Life on the road was Elijah’s method. Three times here and how many other times during Elijah’s ministry did he chat, talk, prank, and teach Elisha on the road. “On the way” (hb. derek) was where the Israelites were to teach their kids (Deut 6.7; 11.19). God knew how to leverage a journey. Jesus spent most of Luke teaching “on the way” up to Jerusalem. The disciples were following him all over the Judean countryside soaking up his teaching along the way. Elijah is expounding things to Elisha on the way to wherever. This generation is a journey generation. They love stories, adventures, and action. They want to be part of the story and the best way to teach them is to invite them on a journey. They are looking for someone to “walk with”.
The second thing about this passage that stands out is the copying of Elijah by Elisha. When Elijah had reached the Jordan, he took off his cloak and struck the waters of the Jordan with it, dividing it into two. They walked across the dry bed of the river, and reaching the other side, Elijah asked Elisha what he could do for him before leaving. Elisha asked for a double portion of Elijah’s spirit. Elisha’s ministry would double the amount of miracles than Elijah’s, but that isn’t what he is asking. He is asking the question of inheritance. Elisha is asking for a first son’s share of his ministry, his name, and his work. The first son, the oldest, would get a double portion of a father’s possessions.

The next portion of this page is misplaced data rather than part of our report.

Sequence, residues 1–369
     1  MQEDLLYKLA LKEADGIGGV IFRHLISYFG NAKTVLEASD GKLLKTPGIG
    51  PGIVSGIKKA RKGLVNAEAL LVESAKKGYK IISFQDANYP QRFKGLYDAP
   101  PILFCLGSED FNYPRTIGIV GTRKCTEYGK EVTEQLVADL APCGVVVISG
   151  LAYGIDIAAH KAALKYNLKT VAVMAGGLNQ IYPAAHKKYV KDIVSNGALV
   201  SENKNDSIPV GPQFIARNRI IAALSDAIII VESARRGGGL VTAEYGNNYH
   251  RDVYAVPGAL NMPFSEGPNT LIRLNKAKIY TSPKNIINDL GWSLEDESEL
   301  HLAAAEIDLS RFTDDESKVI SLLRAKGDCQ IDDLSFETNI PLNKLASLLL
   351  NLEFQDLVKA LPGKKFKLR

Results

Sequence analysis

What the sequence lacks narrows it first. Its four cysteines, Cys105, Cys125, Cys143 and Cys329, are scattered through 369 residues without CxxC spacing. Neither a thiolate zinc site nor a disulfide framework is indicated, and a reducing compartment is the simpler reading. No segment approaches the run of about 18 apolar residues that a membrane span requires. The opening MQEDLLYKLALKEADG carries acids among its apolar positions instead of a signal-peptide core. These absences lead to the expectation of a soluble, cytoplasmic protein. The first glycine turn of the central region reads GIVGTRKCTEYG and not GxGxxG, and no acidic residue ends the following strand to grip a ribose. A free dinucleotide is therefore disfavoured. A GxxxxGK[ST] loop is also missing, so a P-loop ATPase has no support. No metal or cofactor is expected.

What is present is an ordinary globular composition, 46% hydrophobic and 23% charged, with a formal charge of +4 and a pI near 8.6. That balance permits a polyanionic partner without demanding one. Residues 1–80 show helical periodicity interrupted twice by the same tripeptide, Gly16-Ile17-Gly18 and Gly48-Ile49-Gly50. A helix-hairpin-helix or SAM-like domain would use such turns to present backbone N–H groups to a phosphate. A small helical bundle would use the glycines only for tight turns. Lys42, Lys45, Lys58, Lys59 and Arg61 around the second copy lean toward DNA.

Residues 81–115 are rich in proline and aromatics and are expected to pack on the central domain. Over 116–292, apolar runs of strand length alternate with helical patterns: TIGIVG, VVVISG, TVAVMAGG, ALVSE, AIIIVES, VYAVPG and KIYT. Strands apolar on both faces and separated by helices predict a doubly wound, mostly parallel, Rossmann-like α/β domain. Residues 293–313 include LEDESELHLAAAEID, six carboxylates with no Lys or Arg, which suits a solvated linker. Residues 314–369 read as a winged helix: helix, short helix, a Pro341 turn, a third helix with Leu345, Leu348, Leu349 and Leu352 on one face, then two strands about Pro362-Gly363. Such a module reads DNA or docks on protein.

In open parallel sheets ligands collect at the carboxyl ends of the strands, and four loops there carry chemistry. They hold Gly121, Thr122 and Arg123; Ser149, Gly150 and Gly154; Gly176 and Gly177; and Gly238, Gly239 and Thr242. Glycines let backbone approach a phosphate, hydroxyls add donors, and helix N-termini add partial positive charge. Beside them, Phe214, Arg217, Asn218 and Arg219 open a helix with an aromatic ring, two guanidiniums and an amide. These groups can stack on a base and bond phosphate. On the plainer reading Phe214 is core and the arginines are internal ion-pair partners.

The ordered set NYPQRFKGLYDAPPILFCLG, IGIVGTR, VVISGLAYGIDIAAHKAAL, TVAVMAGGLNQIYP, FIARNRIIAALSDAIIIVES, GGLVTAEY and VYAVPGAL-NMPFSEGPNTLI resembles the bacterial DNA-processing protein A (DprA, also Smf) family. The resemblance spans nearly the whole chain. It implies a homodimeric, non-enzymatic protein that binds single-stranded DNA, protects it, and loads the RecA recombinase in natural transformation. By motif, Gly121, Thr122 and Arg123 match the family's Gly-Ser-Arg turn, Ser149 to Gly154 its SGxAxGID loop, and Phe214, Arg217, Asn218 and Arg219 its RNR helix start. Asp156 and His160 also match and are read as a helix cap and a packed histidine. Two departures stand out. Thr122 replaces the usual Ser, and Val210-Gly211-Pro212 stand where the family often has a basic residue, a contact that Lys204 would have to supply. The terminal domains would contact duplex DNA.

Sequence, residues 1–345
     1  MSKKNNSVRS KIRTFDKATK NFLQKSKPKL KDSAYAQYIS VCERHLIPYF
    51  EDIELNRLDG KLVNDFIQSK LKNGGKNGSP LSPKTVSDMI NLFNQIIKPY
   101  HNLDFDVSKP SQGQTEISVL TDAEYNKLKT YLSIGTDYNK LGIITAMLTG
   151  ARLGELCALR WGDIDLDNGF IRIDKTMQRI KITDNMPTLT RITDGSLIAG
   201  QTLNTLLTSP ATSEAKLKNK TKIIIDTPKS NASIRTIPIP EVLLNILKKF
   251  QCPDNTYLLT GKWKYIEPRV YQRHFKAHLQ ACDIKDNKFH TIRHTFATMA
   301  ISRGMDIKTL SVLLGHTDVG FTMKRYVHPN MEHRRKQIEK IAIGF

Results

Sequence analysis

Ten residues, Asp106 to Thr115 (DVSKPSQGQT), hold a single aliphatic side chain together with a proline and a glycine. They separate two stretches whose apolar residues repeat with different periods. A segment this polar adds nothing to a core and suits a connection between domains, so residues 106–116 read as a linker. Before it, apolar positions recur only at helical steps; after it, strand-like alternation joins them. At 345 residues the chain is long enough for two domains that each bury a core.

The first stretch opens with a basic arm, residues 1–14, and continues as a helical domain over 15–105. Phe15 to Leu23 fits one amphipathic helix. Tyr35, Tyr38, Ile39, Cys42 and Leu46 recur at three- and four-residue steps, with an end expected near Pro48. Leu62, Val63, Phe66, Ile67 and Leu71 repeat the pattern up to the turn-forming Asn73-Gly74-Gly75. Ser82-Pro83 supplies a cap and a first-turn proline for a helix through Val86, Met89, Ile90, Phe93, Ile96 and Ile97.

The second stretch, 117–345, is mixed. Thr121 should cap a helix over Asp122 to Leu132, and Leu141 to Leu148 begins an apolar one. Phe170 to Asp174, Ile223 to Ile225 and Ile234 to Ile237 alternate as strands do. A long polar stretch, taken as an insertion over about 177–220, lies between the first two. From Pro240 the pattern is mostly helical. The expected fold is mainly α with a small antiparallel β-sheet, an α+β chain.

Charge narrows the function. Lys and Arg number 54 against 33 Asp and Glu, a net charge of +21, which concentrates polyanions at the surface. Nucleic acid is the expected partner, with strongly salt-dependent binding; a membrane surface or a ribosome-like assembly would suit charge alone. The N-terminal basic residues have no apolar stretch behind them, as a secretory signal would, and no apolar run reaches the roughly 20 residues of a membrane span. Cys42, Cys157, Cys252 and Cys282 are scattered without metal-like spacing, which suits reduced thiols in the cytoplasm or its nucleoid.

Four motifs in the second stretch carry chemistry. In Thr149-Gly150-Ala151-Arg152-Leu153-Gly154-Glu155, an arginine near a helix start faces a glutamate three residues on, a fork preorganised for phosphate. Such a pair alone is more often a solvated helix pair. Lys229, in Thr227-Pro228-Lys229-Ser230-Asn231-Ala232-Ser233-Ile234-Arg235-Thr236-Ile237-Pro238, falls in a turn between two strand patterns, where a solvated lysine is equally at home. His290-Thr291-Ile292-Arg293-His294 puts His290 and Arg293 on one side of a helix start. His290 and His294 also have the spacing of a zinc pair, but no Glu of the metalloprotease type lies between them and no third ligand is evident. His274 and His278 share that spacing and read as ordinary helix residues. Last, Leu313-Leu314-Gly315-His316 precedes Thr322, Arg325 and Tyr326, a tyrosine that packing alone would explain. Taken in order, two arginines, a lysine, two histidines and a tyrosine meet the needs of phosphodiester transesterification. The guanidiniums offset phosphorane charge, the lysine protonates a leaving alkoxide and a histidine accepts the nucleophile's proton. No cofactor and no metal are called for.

After Elijah was taken away and Elisha received the double portion, the Jordan stood between Elisha and the beginning of his ministry. Elisha removes the cloak that he had picked up from Elijah (he tore his own clothes), and marched back to the Jordan. He did what he saw Elijah do earlier, and struck the waters of the Jordan, dividing it to the right and left. In the same way Elijah worked, so Elisha emulated. This generation is not a watch-and-see generation. They want to be part of the work. They want to get their hands dirty. It looks like Jake shoin’ horses with his grandfather; Shanie and Kassie hauling stock with their parents; Blaine working the feedlot with his dad in Council Grove. The next generation refuses to sit the sidelines…they want to be part of something bigger. They are looking for someone to “do-with”.
For years I searched for someone who would “walk-with-do-with”. I looked for a mentor to capture that vision, to lead and train me to become the man I wanted to become. For years the Church let me down in that aspect. I had some mentors, Phil Maddux and Doug Aldridge, who poured into me and taught me these things, but since leaving college have been without someone like that. Someone to “walk-with, do-with”. Christians, we need to teach this vision in church. We need to implement this vision in our own lives. We need to learn from the ranch and farm, where the next generation needs to learn to ropes. Within the city limits, it’s a little harder to find and do, but it is possible. Take a kid shopping, to the bank, to the park, wherever, but take them. Include them, show them and teach them. Walk-with-do-with. Its how Elijah trained Elisha, and its how the Church needs to train its youth. Take a lesson from the ranch and lead our students and younger people from our experiences.